The healthcare system is constantly evolving. As technology advances and best practices are updated, it takes significant effort to disseminate these changes to all the medical offices and  hospitals throughout the country. In 2009, The American Reinvestment & Recovery Act (ARRA) was enacted with one of the primary reasons to further this dissemination of best practices and evidence based medicine by means of technology. 

ARRA included many measures to modernize our nation’s infrastructure, one of which was the Health Information Technology for Economic and Clinical Health (HITECH) Act. Part of the HITECH Act was “meaningful use,” which was meant to incentivise innovation and implementation of electronic health records (EHR). The intention was that it would help clinicians make better, more informed, and meaningful decisions for their patients by using computer intelligence.

Unfortunately meaningful use quickly became a financial grab for tech companies and aspects of the HITECH act fell flat over the years as too many companies tried to get a piece of the pie.  

Where Meaningful Use Went Wrong 

Because of the financial incentives provided to medical practices to upgrade to an EHR, software vendors quickly lost their focus on increased efficiency and best practices to minimal eligibility requirements.  Afterall, free money is an easier sell than better patient care.

Numerous vendors were certified to meet the meaningful use standards. However, the certification process did not guarantee an elegant or user-friendly solution to the requirement. In fact, many products had sloppy and cumbersome systems–very few provided a decent user experience.

More important, the certified EHR process did not ensure that the product does anything more than support meaningful use. For example, certified EHRs are not required to have features or checklists to support any particular area of medicine. This led many physicians to question the need for health IT at all, let alone government-backed health IT.

Today, we commonly see ambulatory surgery centers that own scheduling and inventory software yet still write their cases on a whiteboard, keep their surgical preference cards on a notecard, and order inventory with an excel spreadsheet. 

How It Can Hurt You

The aim of the meaningful use incentive program was to improve the quality, efficiency, and coordination of patient care by leveraging certified EHR technologies. But these badly designed, insecure, and improperly used systems often pose serious data-breach, medication error, and fraud risks. These risks can have a serious effect on patients.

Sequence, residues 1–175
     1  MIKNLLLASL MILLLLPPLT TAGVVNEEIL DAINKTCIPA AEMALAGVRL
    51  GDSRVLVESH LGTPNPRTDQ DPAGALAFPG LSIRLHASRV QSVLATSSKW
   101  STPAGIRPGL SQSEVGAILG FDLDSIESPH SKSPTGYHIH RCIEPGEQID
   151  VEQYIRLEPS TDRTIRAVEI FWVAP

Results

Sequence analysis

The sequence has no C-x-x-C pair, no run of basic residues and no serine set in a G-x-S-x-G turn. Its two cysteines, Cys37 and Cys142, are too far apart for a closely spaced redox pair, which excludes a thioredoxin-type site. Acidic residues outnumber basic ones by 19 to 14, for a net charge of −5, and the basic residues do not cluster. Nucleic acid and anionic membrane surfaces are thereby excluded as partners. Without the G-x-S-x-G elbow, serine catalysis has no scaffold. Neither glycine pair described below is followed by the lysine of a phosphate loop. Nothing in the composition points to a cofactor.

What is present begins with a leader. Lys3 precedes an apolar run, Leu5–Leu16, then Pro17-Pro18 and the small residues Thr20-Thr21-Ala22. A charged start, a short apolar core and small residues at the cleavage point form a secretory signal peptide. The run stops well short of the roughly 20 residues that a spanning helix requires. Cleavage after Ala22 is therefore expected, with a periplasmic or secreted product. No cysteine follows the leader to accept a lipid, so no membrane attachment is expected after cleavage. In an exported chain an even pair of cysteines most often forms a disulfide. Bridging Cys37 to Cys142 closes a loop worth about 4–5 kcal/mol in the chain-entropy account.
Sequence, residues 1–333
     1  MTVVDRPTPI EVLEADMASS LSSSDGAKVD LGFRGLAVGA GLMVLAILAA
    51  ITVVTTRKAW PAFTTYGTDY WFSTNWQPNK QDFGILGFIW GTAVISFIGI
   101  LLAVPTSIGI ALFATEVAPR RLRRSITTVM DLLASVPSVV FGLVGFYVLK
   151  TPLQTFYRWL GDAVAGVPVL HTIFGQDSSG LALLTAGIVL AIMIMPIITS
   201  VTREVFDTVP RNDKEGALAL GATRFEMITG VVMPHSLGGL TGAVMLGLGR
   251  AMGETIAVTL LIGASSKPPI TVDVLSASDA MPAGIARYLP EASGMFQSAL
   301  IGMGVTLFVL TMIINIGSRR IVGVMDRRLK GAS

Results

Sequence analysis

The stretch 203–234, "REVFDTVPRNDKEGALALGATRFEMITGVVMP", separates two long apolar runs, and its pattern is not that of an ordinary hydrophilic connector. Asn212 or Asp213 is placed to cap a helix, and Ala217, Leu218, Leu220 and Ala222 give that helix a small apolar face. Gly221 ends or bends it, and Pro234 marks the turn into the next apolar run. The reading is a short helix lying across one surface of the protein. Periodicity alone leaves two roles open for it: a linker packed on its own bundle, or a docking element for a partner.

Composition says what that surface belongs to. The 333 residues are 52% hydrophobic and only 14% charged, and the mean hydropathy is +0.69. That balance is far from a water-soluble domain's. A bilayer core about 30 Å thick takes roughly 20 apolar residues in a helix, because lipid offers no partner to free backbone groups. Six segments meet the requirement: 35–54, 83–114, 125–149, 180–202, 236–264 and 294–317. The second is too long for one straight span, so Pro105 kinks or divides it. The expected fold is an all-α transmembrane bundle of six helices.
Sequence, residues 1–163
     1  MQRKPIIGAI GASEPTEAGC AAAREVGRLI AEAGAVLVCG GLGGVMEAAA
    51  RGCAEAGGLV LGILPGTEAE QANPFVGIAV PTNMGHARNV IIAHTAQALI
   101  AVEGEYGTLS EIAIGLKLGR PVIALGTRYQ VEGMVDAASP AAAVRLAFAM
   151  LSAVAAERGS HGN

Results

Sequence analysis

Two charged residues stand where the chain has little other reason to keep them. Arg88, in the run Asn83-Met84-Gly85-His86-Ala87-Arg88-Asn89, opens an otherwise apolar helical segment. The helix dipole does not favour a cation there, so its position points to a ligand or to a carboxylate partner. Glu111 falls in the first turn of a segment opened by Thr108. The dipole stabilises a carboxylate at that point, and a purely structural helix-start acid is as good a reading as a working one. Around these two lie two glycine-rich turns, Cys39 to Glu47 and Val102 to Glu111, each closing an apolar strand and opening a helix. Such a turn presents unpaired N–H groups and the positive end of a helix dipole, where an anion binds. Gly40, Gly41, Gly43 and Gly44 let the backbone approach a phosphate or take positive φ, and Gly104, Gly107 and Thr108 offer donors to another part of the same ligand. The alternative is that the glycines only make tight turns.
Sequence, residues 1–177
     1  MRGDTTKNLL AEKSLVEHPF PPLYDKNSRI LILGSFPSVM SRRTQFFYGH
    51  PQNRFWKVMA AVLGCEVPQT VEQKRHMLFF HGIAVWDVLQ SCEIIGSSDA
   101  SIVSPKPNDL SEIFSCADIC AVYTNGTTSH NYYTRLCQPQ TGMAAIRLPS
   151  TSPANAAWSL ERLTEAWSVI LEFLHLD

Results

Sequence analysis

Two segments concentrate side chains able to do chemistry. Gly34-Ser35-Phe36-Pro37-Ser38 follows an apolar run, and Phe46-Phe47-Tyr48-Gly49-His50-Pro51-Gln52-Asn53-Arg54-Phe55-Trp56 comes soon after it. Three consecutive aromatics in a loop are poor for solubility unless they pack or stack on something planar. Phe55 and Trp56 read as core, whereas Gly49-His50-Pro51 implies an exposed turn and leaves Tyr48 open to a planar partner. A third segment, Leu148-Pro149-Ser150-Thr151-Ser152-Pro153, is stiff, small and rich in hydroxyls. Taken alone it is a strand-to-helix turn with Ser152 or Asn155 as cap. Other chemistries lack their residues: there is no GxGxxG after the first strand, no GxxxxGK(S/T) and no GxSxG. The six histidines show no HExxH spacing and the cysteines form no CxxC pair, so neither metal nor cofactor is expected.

From a strategic standpoint, physicians who do not meet the meaningful use requirements may encounter issues with other clinicians in their healthcare network. If you can’t receive electronic transitions of care, you may not be viewed as a desirable referral source.

Also from a clinical care perspective, physicians who do not meet meaningful use may be at a disadvantage in working with patients in terms of patient treatment plan management, and the ability of patients to send secure messages. 

Physicians who do not use a reputable program will suffer from a huge weakness on many fronts of their practice.  

Meaningful Use Is Finally Taking A Positive Turn

Fortunately, despite all the disreputable healthcare software, there is a meaningful solution for operating rooms that has finally arrived and it’s called PREFcards™. PREFcards™ not only fulfills meaningful use, but is actually designed with usability and machine intelligence in mind. The software  is cloud based, accessible on any device, shareable between facilities, and has built in analytics to help curb waste and costs. 

PREFcards™ CEO, Chad Ramos has said, “Archaic paper preference cards are a huge and underappreciated problem.  All the data analytics and machine learning of big EHRs are rendered useless if the software solution is not being used by the frontline workers. As we consult with ambulatory surgery centers, we are finding that the majority of them either use a paper notecard system outright, or pay for an existing software solution that is so cumbersome they still rely on paper cards. This is why what we’re doing with PREFcards™ is so important.”

The program was designed by a surgeon and anesthesiologist who knew first-hand the struggles of unwieldy programs that were not beneficial. PREFcards™ main focus is bringing medical preference cards to the 21st century with lots of practical features like notes, prices, accessibility, and A.I. driven reporting. They use their powerful machine learning to aid in understanding how to cut costs and make surgery less expensive. In the end, patients are the end-user that will be saving time, money, and confusion.  

Stop suffering with software that serves no purpose and capitalize on the real reason meaningful use was introduced by using PREFcards™.